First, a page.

The other front row surprise was the order of the two protagonists. Casey Stoner has pretty much owned Qatar since the very first time he rode here in his rookie year in MotoGP. Throughout free practice, Stoner looked to be cruising to his fourth straight pole in a row, but the return of the dreaded chatter put paid to that. The Honda has suffered chatter almost since its introduction, a by-product of the new, less stiff Bridgestone tires.

The finger of blame has been pointed at the tires and the extra 4kgs of weight that the bikes have to carry since the Grand Prix Commission imposed the changes in December, but the truth of the matter is that the Yamahas - faced with exactly the same challenges - have not suffered with the chatter at all. It looks like Honda have built a bike to suit the old, stiffer Bridgestones - witness the Honda riders' preference for the stiffer of the new front tires tested at Jerez two weeks' ago. Honda, in this case, have just got it wrong, and now need to modify the bike to handle the softer tires.

In the meantime, Stoner is getting frustrated at handling the chatter issues. A wrong direction taken during qualifying saw him struggle more and more with the bike, especially with the soft tires. In parc ferme, he pointed the finger of blame at his team, in terms reminiscent of his time at Ducati. According to the Australian, his team acknowledged that he was suffering massive chatter, but were not as concerned as Stoner felt they should be, because of the reigning World Champion's speed. That line of thought produced a bike that nearly broke Marco Melandri, and saw Valentino Rossi wobble about for a season in mid-pack. Stoner's natural ability to ignore bike problems and push to the limit of the tires too often works against him.

In the press conference, the Australian was much more diplomatic about the situation, diverting his ire into an attack on the rule changes which have taken place over the years, in response to a question about Ben Spies bizarre crash. Spies got caught up with his bike after losing control, getting dragged along beside the machine before finally separating. Spies denied that the problem had been caused by the new compulsory front brake lever guards fitted to all bikes, saying that review of the video had shown the guard had already sheered off when he got caught up. Just what it was that was entangled is still a mystery, but Stoner pronounced his opposition to the brake lever guards, saying that it was too easy for the guards to get tangled up with the inside of a glove, posing a danger to the rider. He had been against them from the start, he said, the situation being made worse once he found out it had been put into the rulebook.

He was then asked what his answer would be to solve the crisis in MotoGP. After expressing his firm opposition to the CRT concept - making some fair points about the difficulties an independent manufacturer faced in making a bike based on a production engine competitive with factory bikes that have been under development for many years now - he argued that the real problem was the constant changes to the rulebook. When it was pointed out to Stoner that it was the manufacturers who had pushed through almost all of those changes - the MSMA had a contractual monopoly on technical rule changes, up until December 31st, 2011 - Stoner flatly denied it, saying "Dorna can blame who they want for this, but they have the final decision," before backtracking a little once the contractual situation was explained to him.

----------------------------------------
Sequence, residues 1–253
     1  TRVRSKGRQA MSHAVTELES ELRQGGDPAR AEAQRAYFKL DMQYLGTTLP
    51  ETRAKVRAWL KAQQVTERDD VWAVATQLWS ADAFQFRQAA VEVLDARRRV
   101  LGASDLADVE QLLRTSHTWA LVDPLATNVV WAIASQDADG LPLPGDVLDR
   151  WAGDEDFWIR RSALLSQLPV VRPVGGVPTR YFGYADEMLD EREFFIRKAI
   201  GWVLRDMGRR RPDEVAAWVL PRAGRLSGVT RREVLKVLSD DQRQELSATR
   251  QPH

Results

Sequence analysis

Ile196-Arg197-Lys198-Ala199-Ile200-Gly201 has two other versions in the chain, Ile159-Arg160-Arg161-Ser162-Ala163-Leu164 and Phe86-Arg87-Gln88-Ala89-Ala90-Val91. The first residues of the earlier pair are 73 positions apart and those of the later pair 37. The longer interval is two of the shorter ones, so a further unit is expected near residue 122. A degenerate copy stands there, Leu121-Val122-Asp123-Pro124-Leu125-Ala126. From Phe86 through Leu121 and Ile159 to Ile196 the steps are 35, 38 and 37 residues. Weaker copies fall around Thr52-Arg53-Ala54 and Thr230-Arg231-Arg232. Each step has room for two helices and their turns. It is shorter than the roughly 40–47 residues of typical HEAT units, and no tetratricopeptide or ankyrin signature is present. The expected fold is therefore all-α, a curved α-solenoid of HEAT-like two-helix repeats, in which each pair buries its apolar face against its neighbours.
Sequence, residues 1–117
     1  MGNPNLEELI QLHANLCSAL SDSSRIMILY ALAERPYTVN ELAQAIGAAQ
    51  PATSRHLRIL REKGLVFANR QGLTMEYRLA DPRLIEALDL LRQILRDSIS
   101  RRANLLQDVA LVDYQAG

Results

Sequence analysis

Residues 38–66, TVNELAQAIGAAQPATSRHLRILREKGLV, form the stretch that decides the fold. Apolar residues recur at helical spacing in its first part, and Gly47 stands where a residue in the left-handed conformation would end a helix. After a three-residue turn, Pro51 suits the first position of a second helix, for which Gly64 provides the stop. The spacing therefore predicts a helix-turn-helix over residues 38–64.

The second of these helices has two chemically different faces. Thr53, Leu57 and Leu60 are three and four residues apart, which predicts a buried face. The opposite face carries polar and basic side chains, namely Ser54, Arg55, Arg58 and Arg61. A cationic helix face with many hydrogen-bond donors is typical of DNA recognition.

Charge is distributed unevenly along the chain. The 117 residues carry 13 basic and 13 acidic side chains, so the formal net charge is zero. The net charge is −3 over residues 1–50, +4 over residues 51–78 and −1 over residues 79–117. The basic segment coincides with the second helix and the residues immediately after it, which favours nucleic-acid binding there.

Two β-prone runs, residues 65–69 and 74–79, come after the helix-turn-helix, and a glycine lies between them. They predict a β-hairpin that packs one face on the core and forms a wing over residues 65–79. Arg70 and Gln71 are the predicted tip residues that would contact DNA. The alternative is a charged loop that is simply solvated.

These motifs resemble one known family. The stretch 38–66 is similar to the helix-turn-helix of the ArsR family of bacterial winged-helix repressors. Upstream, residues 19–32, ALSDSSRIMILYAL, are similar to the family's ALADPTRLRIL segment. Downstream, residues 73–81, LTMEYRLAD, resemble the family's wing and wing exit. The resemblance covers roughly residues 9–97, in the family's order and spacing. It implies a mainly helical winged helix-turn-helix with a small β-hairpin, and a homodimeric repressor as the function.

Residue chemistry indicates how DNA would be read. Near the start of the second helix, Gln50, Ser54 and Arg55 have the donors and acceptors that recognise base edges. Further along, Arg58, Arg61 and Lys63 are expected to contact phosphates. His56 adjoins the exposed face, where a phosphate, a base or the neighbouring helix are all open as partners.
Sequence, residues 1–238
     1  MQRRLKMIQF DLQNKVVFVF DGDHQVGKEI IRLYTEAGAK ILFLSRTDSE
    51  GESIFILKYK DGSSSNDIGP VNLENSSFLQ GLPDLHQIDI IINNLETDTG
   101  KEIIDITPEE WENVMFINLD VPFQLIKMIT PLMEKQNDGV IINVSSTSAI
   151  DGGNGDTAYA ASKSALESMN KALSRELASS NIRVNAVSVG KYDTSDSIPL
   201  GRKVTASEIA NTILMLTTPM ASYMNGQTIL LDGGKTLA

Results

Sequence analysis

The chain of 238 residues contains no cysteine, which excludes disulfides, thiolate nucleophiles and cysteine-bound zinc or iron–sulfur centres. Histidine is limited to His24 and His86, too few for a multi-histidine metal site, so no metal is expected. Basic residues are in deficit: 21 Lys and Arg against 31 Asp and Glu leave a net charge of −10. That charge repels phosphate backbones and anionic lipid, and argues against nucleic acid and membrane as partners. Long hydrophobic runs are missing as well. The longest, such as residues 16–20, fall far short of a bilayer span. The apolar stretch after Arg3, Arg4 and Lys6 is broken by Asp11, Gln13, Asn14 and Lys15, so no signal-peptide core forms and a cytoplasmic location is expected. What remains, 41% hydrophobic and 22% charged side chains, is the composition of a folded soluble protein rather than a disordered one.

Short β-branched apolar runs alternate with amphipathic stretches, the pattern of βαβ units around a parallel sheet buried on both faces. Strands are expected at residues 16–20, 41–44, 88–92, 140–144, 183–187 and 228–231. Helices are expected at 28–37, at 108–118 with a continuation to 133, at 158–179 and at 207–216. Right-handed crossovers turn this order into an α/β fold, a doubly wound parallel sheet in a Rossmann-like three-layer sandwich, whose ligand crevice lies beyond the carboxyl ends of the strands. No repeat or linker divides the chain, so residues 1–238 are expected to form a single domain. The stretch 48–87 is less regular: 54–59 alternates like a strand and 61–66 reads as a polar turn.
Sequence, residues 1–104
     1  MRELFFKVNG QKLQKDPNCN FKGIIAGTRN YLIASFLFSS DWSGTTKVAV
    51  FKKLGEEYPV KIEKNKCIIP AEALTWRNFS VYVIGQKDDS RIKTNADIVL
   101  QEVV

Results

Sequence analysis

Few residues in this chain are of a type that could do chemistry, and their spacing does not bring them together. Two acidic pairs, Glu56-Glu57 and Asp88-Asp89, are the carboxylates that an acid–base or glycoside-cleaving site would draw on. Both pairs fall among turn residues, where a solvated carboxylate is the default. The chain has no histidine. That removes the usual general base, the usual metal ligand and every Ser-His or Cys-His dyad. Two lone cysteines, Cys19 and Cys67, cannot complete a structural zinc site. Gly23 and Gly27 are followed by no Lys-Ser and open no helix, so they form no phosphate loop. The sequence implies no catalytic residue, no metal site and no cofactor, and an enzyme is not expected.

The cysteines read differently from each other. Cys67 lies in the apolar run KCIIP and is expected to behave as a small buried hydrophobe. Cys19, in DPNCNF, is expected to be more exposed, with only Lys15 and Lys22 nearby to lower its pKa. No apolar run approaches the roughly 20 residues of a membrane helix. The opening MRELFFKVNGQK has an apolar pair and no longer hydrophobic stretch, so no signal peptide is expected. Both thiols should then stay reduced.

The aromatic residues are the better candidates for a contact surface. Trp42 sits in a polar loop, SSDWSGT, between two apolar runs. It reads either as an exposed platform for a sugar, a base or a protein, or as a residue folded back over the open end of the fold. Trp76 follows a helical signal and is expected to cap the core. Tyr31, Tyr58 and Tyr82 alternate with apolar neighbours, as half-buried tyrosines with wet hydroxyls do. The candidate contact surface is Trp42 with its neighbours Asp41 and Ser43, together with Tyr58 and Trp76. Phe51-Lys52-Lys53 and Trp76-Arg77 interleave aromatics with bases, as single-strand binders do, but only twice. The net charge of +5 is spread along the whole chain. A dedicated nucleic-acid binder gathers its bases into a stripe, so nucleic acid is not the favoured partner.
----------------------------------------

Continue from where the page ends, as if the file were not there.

Stoner has a point about the necessity of a stable rule package, the problem is that the time when we needed a stable rule package was in 2004 and 2005, when the decision was taken to go to 800cc. Right now, MotoGP has nearly bankrupted itself - in part by the manufacturers' manic pursuit of rule changes, and in part by Dorna's failure to attract new sponsors to the sport - and needs a new set of cheaper rules before locking down the rulebook and not touching it again for at least 10 years.

Stoner and his crew have a lot of work to do during tomorrow's 20-minute warm up, but the good news for the Australian is that the chatter on the bike tends to drop off as the tires wear. Some electronics tweaks should help smooth out some of the chatter, and the rest will be down to the Repsol Honda man.

On pole sits Jorge Lorenzo, looking for all the world like the Cheshire cat that got the cream. With four Yamahas in the top 6, it is clear that Yamaha have got their bike right. But Lorenzo, too, is on top of his game, and determined to regain his title. As the Hondas struggle with their self-inflicted chatter issues, Lorenzo gets on quietly and efficiently running a blisteringly consistent race pace. Before the weekend started, it seemed unthinkable that anyone other than Casey Stoner would win at Qatar. Right now, observers smart enough to have wagered a sizable sum on Lorenzo winning are looking set to earn a healthy return on their investment.

If you looked at the throngs of reporters that crowd round Valentino Rossi, you would not have guessed that he ended the day as the last of the Ducatis, as well as the last of the factory prototypes. Twelfth position is not where you would expect to find a nine-time world champion. They took a wrong direction in setup, Rossi told the media, a small change that had a massive impact. They then returned to a previous setting, but by then it was too late to make much improvement. The team will now take a look at Nicky Hayden's data - the American was best Ducati, qualifying an extremely respectable 5th - in the hope of learning something new.